Is Labour about to let Murdoch have his prize?

In his letter about the BSkyB takeover to Jeremy Hunt last week, shadow culture secretary, Ivan Lewis, rightly asked several tricky questions about the proposed independence of Sky News.  He also asked to be involved in Hunt’s new Communications Bill,  for it to be brought forward two years to 2013 and for it to include provisions that would in future remove politicians from plurality and cross media decisions.   

All good stuff but, if this is the extent of Lewis’s opposition to the takeover, we find it pretty inadequate.  Here’s why:

1. While the independence of Sky News is a crucial issue, it is but one element of the problem.  News Corporation owning all of BSkyB, along with its vast share of British media, with or without Sky News, has tremendous implications for plurality, as we have explained many times on this blog. 

2.  Without buying one extra share of BSkyB,  News Corporation already owns far too much media than is healthy in any democracy.  Its political power and influence over successive governments is indisputable.  Labour’s efforts should be directed towards breaking up the current concentration of ownership in Britiain now.  (Maybe wishful thinking, but at least make a few noises on these lines!)

3.  Hunt’s intended new Communications Bill of 2015, or even 2013, will have a limited impact on plurality if News Corporation already has ownership of BSkyB.  And if it’s planned to be that important, why doesn’t Lewis ask Hunt to defer a decision on any bid of this nature until after the bill is in place? 

4.  It is ludicrous for Lewis to persist in omitting the phone-hacking scandal from his argument.  We know this is current front bench policy, but it is no longer credible.  How can any responsible politician believe that a corporation that has behaved so disreputably and is currently under criminal investigation is fit to buy a comic, let alone much of our broadcasting?  On this issue, it would seem that Ivan Lewis, Tom Baldwin and Ed Miliband are not only out of step with Labour’s Tom Watson, Chris Bryant and John Prescott  – but also out of step with the public.

Tomorrow night, Jeremy Hunt is due to appear on BBC Question Time, alongside Caroline Flint from Labour’s front bench.  If any discussion arises about the phone-hacking or BSkyB or Rupert Murdoch, Caroline must be allowed to state that no decision should be made about the takeover while the investigation is in progress.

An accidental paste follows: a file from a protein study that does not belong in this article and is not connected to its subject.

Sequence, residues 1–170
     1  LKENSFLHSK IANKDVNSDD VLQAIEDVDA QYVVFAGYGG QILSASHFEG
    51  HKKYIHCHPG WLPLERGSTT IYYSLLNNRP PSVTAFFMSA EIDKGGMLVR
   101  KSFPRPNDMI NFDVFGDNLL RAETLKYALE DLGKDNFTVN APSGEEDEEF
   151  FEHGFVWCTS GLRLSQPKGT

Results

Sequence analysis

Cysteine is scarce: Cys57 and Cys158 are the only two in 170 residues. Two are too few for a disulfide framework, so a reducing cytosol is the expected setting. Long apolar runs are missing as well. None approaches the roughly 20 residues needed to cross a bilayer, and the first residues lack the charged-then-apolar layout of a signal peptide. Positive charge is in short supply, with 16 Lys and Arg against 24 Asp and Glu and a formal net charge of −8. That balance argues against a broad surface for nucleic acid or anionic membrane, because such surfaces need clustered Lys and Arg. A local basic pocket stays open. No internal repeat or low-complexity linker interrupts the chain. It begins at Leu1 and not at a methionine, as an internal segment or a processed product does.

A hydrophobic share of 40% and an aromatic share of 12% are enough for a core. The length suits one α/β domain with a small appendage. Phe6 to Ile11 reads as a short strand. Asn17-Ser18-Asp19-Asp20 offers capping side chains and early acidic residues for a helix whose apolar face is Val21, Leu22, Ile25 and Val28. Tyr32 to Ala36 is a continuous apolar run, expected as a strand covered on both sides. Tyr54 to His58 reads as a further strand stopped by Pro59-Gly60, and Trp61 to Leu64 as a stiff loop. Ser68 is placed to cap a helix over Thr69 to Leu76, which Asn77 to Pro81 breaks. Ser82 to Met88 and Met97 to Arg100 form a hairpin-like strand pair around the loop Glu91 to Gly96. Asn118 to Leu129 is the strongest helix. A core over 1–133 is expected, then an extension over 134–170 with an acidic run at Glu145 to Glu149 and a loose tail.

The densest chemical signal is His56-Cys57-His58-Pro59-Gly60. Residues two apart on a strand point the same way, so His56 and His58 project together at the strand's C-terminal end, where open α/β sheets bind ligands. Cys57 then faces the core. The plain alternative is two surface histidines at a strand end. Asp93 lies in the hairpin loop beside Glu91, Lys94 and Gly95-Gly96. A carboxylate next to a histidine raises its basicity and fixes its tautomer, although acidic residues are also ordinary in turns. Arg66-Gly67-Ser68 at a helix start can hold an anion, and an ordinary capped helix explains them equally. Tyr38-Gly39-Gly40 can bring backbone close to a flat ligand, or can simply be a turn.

We are less than three weeks from Hunt’s expected rubber stamp for the deal.  If Labour don’t use every opportunity to fight this takeover, they will be letting down the public and themselves. 

 

Here is the letter from Ivan Lewis to Jeremy Hunt, Secretary of State for Culture, Media and Sport.

30th March 2011

Dear Jeremy

Newscorp acquisition of BSkyB and new Communications Act

Throughout the quasi-judicial process I have sought to ensure maximum transparency consistent with the public interest. In this context, I have a number of questions with regard to the remedy proposed by Newscorp and accepted by you subject to consultation. All of these questions relate to your proposition that the independence of Sky News is protected by the proposed remedy. It is essential there is clarity on a number of issues before people can make proper judgements about your decision.

Under the proposed remedy:

  1. Who will appoint the Board of Newco?
  2. What proportion of the Board will be independent non-executive Directors?
  3. Who will appoint the independent Chair of the Board?
  4. Do you accept the following in relation to Newco?
    1. It will be dependent on a contract with News Corporation for 85% of its revenues and 25% of its costs.
    2. It will be dependent on News Corporation to distribute its TV news output on the BSkyB network.
    3. It will only be viable long-term if Newscorp are willing to renew the Carriage Agreement.
  5. How is the proposed remedy consistent with the OFT’s guidance that it is rare to accept even interim purchase/supply arrangements between merging partners and the divestment business given the requirements for a clear cut remedy in lieu of a Competition Commission reference?
  6. Company Directors have a duty to act in the interests of their company and shareholders. Therefore is it not the case that as Newscorp are the main customer and distributor for Sky News the Directors of Newco will have a duty to respond positively to the interests of Newscorp?

 Finally you have confirmed that it is the Government’s intention to introduce a new Communications Bill. Will you accept my offer to work with you to ensure the Act can be passed by 2013 rather than 2015? Creating a new regulatory environment is a jobs and growth issue and therefore we should move quickly. In light of the very real issues of impartiality that have arisen in relation to this case, will you consider including provisions in the Bill which would in future remove politicians from having any quasi-judicial role in relation to specific plurality and cross media ownership decisions? 

I look forward to your reply.

Yours sincerely

Ivan Lewis MP
Shadow Secretary of State for Culture, Media and Sport

 

 

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